Halt the Dredging – Same problem same solution
Date 14 March 2012
Activists Halt Dredging in Gladstone Harbour
Marking the last day of the UNESCO World Heritage Committee visit to Australia protesters descended on Gladstone Harbour and stopped dredging. Mark (Potts) Driscoll chained himself to the harbour dredge Razende Bol and Rotterdam boat, shutting down the controversial development of the Coal Seam Gas LNG port facility on Curtis Island in Gladstone Queensland.
Potts Driscoll and Friends of the Earth have taken this action to remind the voting public of the beauty and environmental values of the Great Barrier Reef. Today signifies the last day of the World Heritage Committee's mission with this symbolic action to bring attention back to Gladstone and the destructive dredging.
“The dredging activities in Gladstone are a crime against the environment. The LNG facilities in Gladstone are another part in the destructive Coal Seam Gas industry in Queensland. This industry is destroying our farmland, polluting our water systems, and killing the Great Barrier Reef,” said Friends of the Earth spokesperson Drew Hutton.
“Today is the final day of the UNESCO World Heritage Committee monitoring mission to Australia. We want to send a clear reminder to the World Heritage team that Gladstone harbour is being killed and the dredging by the Coal Seam Gas industry is the cause”.
The visit by UNESCO was initiated by Gladstone locals over their concern for Gladstone Harbour and the massive industrial development, dredging and fish kills. In June 2011 the Australian Government was requested by UNESCO's World Heritage Committee to ‘please explain’ why it should be able to maintain World Heritage declaration over the Great Barrier Reef for allowing LNG projects within the Great Barrier Reef marine park.
Potts Driscoll has just completed a 550km walk from Dalby (Kumbarilla) to Gladstone to see for himself what the CSG (Coal Seam Gas) industry is doing to our countryside and Gladstone Harbour. Walking with 71 year old June Norman for 28 days along the proposed CSG pipeline and Wandoan mega coal mine railway line.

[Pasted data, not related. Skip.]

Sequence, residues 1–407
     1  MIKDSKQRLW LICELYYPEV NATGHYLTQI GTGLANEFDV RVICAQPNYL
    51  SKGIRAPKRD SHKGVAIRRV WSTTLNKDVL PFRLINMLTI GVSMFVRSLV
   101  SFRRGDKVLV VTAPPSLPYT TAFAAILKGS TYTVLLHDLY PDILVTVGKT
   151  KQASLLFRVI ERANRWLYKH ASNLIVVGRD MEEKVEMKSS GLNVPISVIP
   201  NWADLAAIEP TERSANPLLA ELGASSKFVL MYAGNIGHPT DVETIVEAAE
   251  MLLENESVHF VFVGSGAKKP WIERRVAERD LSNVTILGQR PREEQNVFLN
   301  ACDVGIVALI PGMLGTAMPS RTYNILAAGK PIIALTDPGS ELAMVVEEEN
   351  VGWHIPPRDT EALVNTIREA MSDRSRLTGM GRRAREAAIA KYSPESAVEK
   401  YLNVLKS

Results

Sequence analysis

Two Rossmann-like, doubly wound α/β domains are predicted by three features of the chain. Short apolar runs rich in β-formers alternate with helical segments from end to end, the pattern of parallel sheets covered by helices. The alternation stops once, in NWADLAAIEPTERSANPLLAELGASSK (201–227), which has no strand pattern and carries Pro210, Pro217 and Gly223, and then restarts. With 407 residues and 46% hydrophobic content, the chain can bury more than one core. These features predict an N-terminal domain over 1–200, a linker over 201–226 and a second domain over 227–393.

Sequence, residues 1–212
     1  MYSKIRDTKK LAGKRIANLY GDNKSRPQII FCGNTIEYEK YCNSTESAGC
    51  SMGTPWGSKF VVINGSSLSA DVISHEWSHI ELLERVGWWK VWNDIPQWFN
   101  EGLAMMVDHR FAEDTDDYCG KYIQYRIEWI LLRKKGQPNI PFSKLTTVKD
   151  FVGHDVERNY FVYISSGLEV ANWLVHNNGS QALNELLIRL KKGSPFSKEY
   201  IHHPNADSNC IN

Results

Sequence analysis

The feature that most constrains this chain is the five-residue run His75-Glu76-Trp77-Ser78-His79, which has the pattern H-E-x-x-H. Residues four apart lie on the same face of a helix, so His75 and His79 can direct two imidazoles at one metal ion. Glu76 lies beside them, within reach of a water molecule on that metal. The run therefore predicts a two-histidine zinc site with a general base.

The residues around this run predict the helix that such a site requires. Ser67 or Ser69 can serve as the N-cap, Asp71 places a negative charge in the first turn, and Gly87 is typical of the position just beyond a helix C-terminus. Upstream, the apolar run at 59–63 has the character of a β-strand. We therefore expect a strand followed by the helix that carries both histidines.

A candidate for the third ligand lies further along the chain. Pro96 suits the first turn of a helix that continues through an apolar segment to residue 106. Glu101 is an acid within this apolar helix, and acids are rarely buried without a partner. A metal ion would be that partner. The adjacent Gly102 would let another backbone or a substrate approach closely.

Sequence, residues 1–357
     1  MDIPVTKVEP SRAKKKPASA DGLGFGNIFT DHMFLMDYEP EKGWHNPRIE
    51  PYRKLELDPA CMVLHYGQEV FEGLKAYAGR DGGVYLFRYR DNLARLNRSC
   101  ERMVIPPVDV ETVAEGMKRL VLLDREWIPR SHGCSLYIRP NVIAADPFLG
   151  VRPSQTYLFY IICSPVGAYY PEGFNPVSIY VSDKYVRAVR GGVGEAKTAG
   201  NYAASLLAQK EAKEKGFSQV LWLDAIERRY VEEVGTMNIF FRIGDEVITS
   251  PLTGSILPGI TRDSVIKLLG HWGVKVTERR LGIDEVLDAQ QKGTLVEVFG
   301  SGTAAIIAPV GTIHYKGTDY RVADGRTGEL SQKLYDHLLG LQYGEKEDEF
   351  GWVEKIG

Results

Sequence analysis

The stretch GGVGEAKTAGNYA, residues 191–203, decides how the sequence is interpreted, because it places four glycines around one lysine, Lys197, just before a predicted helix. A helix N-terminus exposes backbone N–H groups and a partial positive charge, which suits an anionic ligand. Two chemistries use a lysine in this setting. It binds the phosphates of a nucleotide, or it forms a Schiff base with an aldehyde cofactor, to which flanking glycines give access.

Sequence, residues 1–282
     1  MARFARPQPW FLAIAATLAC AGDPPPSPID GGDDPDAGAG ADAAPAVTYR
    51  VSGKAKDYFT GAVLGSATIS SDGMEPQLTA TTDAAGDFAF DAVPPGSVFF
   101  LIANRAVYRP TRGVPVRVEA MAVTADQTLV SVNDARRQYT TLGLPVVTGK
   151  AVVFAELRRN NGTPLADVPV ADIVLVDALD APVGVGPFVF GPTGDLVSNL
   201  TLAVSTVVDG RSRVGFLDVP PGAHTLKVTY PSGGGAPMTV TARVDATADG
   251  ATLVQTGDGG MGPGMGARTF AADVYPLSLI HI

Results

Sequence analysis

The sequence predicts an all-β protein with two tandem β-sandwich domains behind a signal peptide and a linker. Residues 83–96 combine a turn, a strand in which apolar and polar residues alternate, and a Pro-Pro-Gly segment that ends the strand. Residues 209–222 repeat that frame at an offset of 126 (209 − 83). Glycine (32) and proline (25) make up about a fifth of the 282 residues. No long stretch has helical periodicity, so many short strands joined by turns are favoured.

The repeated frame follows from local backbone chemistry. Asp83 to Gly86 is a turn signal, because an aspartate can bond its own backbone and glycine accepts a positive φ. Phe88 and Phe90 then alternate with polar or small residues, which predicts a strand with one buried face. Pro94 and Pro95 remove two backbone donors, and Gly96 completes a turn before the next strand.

“Friends of the Earth calls for an immediate halt to all dredging activities and construction of the LNG ports in Gladstone Harbour,” said Drew Hutton.
The recent Gladstone Fish Health study conducted by the Queensland Government acknowledged the study parameters and research data were inadequate to make a final judgment on the cause of the terrible disease that has killed countless dugongs, turtles and fish.
“Friends of the Earth calls for an immediate halt to further major developments approvals in the Great Barrier Reef catchment until the Strategic Assessment is completed to the World Heritage Committee's satisfaction.”
“Friends of the Earth calls on the the UNESCO World Heritage Committee to pass a resolution at its June 2012 meeting to declare the Great Barrier Reef World Heritage in Danger, and move towards removing World Heritage status from Australia”, said Hutton.
“We need to shake things up. Surely it is time for our leaders to call a stop to this madness. The fishers of Gladstone are out of work, the harbour marine life is dying, and the World Heritage Committee have come to see the damage themselves. What more do we need to know before we stop the dredging?” said Hutton.
Findings from fisheries veterinarian Matt Landos counters the findings of the Gladstone Fish Health study by the Queensland Government. The report is due within 2 months. Initial comments released Monday, 12 March, are contrary to the State Government report stating the 2010 floods is unlikely to be the cause of the Gladstone harbour fish kill.
Gladstone Harbour and surrounding waterways of the Fitzroy River delta are set to undergo massive development to accommodate the Surat Basin and lower Bowen Basin's new coal and CSG LNG (Coal Seam Gas and Liquified Natural Gas) export port facilities. Current figures show Gladstone Harbour will accommodate export facilities for an additional 9 Coal Mines and 4 LNG projects, in addition to the current export from existing mines.
The dredging continues. Gladstone locals, fishers, and tourism operators have had enough.